The History of Platinum Printing
The Pictorialists, a group of photographers active primarily between the years 1880 to 1920, worked using the Platinum process extensively because of its delicacy of tonal ranges and its potential for expressing the characteristics of more traditional art making methods such as drawing and etching. Championed by Alfred Steiglitz and the Photo Secession, Platinum was used by almost all of the great photographers during this time including Edward Weston, Edward Steichen, and Imogen Cunningham.
The process virtually disappeared during World War I when platinum, mined primarily in Russia, was diverted to the war effort. The cost became prohibitive. Because of its ease of manufacturing, availability, and cost, silver became the dominant light sensitive material, a fact that continues to this day. Where once there had been 20 commercial companies supplying platinum paper, by 1930 the last company went out of business.
The early 1980’s saw a renewed interest in alternative processes of image making of which platinum was only one of many. This has revitalized the medium, producing a renaissance in this most exquisite of print making processes. Platinum prints have been referred to as the quintessential black and white photograph. Contemporary printmakers, with new techniques and materials, are today producing prints of extraordinary beauty.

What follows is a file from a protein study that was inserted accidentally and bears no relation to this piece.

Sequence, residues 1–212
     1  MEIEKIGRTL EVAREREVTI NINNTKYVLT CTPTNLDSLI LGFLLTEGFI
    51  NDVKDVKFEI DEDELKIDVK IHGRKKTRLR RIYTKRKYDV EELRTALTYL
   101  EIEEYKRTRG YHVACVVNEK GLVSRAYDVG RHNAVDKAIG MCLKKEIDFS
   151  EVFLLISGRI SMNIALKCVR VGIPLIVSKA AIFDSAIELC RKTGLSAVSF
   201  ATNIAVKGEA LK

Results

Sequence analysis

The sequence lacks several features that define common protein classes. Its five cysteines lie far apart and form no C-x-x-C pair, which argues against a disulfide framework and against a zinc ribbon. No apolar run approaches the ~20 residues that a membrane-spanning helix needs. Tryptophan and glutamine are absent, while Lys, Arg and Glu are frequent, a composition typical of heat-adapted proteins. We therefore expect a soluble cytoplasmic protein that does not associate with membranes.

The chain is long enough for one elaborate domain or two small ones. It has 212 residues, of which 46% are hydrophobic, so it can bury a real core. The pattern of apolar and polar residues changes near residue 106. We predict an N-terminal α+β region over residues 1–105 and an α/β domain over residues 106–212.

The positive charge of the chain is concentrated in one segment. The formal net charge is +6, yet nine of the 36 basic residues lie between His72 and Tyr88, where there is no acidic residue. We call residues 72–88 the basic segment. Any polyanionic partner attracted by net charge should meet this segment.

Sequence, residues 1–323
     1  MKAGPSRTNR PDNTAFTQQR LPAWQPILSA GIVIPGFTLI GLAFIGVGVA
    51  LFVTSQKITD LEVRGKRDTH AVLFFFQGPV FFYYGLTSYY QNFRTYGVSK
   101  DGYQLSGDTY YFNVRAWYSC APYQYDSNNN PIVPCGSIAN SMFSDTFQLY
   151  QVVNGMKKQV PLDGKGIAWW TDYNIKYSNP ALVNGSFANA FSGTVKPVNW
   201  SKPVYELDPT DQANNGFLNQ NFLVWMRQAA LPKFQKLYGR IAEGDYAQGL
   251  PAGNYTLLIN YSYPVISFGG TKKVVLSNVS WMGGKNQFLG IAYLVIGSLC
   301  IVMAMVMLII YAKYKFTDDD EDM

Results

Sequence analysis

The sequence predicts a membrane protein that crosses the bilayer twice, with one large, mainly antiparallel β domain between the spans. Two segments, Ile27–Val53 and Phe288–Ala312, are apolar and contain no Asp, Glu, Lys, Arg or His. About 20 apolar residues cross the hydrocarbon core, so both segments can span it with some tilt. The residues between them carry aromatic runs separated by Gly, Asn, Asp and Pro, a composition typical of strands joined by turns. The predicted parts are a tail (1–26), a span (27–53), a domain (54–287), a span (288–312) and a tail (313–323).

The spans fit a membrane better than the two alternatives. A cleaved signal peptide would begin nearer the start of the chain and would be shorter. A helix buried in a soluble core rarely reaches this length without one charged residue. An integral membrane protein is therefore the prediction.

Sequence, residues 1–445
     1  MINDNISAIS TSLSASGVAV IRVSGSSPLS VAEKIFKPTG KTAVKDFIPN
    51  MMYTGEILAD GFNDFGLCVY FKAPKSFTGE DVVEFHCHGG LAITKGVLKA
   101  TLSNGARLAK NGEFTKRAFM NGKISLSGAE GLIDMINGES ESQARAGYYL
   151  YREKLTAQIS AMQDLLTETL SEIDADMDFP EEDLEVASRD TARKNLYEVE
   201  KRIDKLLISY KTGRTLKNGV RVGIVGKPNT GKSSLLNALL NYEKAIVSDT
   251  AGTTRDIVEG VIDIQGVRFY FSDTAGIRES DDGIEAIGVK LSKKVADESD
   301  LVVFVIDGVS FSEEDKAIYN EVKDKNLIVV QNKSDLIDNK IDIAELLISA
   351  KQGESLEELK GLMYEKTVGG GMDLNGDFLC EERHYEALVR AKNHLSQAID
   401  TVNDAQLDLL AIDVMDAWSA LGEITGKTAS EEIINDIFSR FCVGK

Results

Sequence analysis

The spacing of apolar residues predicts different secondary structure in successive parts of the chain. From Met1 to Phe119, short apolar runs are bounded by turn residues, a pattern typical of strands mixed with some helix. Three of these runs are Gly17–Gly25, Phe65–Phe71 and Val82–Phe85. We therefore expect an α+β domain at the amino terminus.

A Few Words About The Process...
Invented in 1873, platinum printing is one of the oldest photographic processes, noted for its subtlety in rendering the tonalities of the middle grays. It is the most archival or long lasting of all photographs. Impervious to light fading and acid damage, it is capable of lasting 1000 years without change. Platinum prints are contact prints-the photographs are the size of the negatives. The final size of the print is achieved in one of two ways. Either the negative is enlarged in the darkroom or more commonly a large camera is used, such as 8 X 10, 11 X 14, or the 12 X 20 banquet camera.
Each image is the result of an intricate series of steps. The process begins with blank sheets of specialized paper. This paper is usually humidified before coating. Several different light sensitive iron salts are mixed with platinum and/or palladium in solution, a closely related metal, and applied to the paper. Using a brush or a glass rod, the solution is spread evenly over the paper. The paper is dried and then rehumidified. The negative is placed on the dried coated paper and both are put into a contact printing frame. Traditionally the sun was used for exposure. Now Ultraviolet light sources are used. Exposure times range from 2 minutes to 2 hours. The print is developed, usually in developer heated to over 100 degrees, cleared, washed, and then air dried.
Because of the number of variables involved, such as changes of humidity, age of the chemistry, paper batch, and the position of the moon, platinum printers must have a great deal of patience and forbearance. For these reasons, no two prints are ever exactly alike.